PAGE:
Breaking barriers in pregnant women's access to healthcare

MamaYe Super Activist initiative has expanded such influence to cover pregnant women and newborns access health care: this is the story of Saheed Taiwo Lawal

Saheed Taiwo Lawal was on one of his regular visits to the Isheri Primary Health Centre (his community) one afternoon when a pregnant woman came by. Saheed is not a nurse or a doctor or a midwife, and for that, one would think that he had no role to play in the delivery of the woman’s pregnancy. “The woman came alone,” Saheed said,

we didn’t know where she came from. She was not registered at the facility and nobody came with her and the only thing she came with was the dress that covered her body.

The common situation in many of our health care facilities is that a patient who is not registered in a particular facility may find it very difficult to access care, especially in an emergency. This was a similar situation that the unknown pregnant woman was going to face but for Saheed’s intervention.

After he became a MamaYe Super Activist for maternal and newborn health (MNH), Saheed became a regular visitor at Isheri Primary Health Centre, Alimosho Local Government, Lagos State. The new knowledge that he gained from being a Super Activist, and the MNH cause that he chose to shoulder, helped him form a strong relationship with the health care workers at the facility. So, when the unbooked pregnant woman showed up, Saheed did not have a difficult time to persuade the health workers to take the woman in.

The health care workers attended to her first and helped to deliver her of her pregnancy. Saheed said, “She was delivered of a set of twin girls.”

After the successful delivery, they needed to know who she was. But instead of the woman to resolve the mystery of her identity, she fainted. While trying to resuscitate her, it was decided that she needed to be taken to a general hospital for better attention.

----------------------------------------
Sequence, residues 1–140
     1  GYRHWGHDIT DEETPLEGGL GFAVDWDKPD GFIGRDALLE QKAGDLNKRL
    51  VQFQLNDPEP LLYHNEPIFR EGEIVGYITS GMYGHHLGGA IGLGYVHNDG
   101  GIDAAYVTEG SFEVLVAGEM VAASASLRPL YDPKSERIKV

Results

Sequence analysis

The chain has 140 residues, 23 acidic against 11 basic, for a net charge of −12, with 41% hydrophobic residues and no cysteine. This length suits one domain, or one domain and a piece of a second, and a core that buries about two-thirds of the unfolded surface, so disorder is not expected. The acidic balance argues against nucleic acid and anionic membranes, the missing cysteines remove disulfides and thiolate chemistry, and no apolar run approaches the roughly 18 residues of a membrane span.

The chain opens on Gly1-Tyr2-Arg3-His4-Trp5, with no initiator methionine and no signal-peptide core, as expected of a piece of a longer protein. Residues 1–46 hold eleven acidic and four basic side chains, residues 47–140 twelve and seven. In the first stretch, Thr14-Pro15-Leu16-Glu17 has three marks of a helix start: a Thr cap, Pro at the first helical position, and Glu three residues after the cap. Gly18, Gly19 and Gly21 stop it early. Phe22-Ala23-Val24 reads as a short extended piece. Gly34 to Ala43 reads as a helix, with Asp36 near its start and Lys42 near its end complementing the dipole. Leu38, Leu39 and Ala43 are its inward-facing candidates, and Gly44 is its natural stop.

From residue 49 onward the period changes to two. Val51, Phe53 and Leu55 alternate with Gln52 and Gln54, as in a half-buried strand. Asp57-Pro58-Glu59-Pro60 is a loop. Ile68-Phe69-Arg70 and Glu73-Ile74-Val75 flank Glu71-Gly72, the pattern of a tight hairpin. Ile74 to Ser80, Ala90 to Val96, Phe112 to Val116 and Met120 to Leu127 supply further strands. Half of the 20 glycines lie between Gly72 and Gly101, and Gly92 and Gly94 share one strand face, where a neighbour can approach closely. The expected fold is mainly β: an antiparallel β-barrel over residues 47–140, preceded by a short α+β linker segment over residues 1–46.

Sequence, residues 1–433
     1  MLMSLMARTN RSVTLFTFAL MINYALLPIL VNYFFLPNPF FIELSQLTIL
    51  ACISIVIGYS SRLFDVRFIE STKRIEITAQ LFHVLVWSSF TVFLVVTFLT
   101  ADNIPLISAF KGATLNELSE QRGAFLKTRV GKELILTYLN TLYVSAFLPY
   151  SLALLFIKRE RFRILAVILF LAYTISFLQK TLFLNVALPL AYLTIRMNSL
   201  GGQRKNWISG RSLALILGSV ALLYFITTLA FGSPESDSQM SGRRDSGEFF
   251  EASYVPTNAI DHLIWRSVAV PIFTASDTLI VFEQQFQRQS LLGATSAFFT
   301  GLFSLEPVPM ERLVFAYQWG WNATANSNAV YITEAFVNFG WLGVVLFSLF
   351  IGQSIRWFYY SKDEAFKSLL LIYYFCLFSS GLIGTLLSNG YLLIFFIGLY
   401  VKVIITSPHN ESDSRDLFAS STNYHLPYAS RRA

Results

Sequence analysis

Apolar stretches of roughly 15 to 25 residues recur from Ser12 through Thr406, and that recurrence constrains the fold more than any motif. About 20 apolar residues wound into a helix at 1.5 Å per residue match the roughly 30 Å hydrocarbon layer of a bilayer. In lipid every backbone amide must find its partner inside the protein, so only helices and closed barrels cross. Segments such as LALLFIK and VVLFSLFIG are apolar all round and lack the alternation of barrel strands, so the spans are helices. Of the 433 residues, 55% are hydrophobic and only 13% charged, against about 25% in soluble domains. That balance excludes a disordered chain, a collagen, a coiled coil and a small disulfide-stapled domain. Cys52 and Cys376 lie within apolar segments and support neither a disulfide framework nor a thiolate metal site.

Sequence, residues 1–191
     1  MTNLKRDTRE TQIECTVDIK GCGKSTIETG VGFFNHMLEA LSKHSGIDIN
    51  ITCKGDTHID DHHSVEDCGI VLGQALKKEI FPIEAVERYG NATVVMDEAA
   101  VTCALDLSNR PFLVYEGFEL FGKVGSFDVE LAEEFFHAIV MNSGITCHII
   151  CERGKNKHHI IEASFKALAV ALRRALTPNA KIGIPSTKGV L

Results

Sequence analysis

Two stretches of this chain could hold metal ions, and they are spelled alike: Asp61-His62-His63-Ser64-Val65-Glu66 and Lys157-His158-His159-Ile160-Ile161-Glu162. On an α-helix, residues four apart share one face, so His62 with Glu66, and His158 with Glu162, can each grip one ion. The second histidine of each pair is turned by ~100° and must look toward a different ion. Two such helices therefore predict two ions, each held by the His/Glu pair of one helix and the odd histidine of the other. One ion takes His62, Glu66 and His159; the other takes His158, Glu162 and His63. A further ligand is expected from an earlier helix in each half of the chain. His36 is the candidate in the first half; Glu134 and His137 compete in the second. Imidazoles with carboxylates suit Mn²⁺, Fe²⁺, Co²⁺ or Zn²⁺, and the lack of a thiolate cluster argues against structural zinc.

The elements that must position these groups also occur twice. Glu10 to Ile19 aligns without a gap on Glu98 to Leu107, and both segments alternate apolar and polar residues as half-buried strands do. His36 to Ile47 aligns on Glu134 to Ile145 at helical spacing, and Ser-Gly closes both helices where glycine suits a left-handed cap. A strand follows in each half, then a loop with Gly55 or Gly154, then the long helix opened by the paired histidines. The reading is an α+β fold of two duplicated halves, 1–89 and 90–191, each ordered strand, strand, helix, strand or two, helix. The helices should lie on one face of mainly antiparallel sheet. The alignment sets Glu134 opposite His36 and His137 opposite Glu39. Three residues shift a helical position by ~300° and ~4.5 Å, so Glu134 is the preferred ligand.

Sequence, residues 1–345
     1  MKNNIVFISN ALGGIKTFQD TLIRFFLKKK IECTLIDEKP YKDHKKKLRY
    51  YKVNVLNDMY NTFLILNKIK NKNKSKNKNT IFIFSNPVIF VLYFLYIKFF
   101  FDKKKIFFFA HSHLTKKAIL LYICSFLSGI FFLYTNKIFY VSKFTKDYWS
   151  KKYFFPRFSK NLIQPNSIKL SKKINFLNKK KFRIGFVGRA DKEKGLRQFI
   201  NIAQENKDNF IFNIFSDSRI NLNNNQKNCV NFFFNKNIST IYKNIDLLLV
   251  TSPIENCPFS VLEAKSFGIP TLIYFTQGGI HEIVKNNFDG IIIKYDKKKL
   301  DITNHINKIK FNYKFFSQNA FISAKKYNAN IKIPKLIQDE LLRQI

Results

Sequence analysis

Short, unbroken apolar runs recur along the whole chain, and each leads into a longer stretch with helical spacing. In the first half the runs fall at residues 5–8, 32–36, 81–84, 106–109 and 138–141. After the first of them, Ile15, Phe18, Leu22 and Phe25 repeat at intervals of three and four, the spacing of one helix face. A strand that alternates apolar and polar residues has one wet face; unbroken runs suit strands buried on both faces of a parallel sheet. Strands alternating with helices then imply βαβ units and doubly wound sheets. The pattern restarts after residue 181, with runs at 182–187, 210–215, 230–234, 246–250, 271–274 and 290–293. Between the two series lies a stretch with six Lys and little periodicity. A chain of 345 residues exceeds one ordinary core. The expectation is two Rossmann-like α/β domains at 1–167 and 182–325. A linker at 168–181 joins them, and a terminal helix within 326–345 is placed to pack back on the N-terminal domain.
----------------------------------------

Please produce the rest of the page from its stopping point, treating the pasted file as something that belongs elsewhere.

"With the help of a nurse and another attendant, she was taken to Igando General Hospital. I stayed back at the PHC but the information that I got from the nurse was that the hospital was not ready to take her because nobody had her record.

The nurse and the attendant were “detained” just in case anything would happen. On hearing this, I called Dr. Oludara (Dr. Oludara is the Director, Family Health and Nutrition, Lagos State Ministry of Health) and Barrister Ayo Adebusoye (Lagos State Civil Society Organisations representative and another MamaYe Super Activist) and they took up the issue.”

The outcome of the calls that Saheed made totally influenced the status quo. The General Hospital accepted the unknown woman and gave her the treatments that saved her life.

Saheed’s feat indicates the great power to positively influence the improvement of maternal and newborn health in our communities. Instead of sitting by and complaining, we can stand up and act.

Do you too resolve to stand up, act and save lives?

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